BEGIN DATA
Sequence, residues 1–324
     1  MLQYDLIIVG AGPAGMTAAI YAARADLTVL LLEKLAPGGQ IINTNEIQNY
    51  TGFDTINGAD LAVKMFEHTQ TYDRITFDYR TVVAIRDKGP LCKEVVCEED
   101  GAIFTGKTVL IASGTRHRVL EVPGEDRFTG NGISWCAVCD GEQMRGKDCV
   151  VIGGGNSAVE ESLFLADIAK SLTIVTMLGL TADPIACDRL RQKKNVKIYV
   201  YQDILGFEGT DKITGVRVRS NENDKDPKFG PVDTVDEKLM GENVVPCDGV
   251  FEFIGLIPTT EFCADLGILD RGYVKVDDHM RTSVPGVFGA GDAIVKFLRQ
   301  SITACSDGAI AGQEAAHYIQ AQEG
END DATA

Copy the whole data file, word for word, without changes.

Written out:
Sequence, residues 1–324
     1  MLQYDLIIVG AGPAGMTAAI YAARADLTVL LLEKLAPGGQ IINTNEIQNY
    51  TGFDTINGAD LAVKMFEHTQ TYDRITFDYR TVVAIRDKGP LCKEVVCEED
   101  GAIFTGKTVL IASGTRHRVL EVPGEDRFTG NGISWCAVCD GEQMRGKDCV
   151  VIGGGNSAVE ESLFLADIAK SLTIVTMLGL TADPIACDRL RQKKNVKIYV
   201  YQDILGFEGT DKITGVRVRS NENDKDPKFG PVDTVDEKLM GENVVPCDGV
   251  FEFIGLIPTT EFCADLGILD RGYVKVDDHM RTSVPGVFGA GDAIVKFLRQ
   301  SITACSDGAI AGQEAAHYIQ AQEG